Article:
As a child of Puritan parents, it is not surprising that Isaac Watts was greatly concerned about people’s ability to think clearly. Whether a man was studying for the ministry or any other of the sciences, the ability to reason rightly was of utmost importance. Watts’s work on logic and reason became a standard textbook for nearly 200 years, being used in such schools as Oxford, Cambridge, Harvard, and Yale. In Logic, Watts address proper thinking under the four basic functions of the human mind: perception, judgment, reasoning, and disposition. In part one, Watts addresses human perception, the cultivation of ideas, and how we associate them with words. In part two, Watts treats human judgment and its ability to construct various kinds of propositions, while giving guidance for avoiding the formation of bad judgments. Part three covers our ability to reason, giving instruction on the use of syllogisms for constructing a good argument. Part four discusses the mind’s disposition as a method of arranging our thoughts for better understanding and memory. This book will help discipline the mind and train the reader to discern proper thinking and argumentation in seeking truth.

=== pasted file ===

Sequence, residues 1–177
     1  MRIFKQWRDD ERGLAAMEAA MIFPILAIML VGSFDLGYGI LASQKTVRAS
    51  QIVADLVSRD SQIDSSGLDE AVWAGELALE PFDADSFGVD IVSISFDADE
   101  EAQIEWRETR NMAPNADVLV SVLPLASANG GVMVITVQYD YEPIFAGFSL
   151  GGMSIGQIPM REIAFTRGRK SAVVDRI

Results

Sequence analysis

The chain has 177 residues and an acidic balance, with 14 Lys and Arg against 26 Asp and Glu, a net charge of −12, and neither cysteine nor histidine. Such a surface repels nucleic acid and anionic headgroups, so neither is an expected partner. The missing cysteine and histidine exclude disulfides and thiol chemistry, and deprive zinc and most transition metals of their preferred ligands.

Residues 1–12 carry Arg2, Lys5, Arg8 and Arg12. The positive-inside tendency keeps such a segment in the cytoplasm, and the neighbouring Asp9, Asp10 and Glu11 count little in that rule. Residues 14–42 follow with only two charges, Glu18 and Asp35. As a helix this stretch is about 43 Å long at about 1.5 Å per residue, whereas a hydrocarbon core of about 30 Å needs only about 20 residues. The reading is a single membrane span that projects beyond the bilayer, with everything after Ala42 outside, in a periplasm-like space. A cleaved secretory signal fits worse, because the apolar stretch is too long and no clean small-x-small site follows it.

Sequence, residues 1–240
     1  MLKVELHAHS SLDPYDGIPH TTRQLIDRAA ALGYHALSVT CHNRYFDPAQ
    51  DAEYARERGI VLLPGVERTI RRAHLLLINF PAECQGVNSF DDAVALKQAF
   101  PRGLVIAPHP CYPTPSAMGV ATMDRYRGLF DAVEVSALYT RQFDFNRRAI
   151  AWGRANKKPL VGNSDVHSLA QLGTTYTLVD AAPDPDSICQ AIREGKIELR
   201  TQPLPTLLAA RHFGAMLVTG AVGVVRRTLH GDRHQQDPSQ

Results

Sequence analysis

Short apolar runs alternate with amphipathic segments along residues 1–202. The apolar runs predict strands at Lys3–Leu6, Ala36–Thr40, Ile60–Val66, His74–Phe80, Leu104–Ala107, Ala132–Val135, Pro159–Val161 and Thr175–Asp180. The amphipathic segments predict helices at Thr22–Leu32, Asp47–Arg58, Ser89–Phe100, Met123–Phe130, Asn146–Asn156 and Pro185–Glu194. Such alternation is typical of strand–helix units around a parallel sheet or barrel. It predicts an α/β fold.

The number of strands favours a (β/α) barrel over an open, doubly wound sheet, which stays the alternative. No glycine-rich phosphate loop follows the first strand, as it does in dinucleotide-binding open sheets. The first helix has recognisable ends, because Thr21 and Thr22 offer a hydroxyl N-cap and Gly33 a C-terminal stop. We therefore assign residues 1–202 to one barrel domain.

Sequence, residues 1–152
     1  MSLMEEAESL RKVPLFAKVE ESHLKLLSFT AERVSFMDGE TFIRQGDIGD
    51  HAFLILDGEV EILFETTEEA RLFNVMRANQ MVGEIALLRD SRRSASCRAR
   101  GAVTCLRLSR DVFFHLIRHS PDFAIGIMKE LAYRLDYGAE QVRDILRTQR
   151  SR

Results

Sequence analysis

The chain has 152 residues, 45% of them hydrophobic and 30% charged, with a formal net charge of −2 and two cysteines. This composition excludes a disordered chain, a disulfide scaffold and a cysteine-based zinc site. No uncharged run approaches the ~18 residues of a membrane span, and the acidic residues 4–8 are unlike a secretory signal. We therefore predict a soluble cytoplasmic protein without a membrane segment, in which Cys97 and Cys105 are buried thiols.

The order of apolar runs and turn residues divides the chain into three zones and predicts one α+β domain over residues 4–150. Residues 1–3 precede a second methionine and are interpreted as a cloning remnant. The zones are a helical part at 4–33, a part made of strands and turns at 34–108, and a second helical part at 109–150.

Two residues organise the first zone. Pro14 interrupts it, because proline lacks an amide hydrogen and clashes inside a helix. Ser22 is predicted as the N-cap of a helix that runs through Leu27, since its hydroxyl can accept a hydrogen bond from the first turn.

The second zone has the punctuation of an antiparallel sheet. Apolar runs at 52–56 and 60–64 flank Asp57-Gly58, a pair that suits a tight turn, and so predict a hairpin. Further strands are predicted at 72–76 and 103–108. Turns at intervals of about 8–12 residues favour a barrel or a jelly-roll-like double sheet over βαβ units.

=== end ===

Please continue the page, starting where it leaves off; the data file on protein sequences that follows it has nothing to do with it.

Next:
Logic: The Right Use of Reason after Truth is in the following collections:
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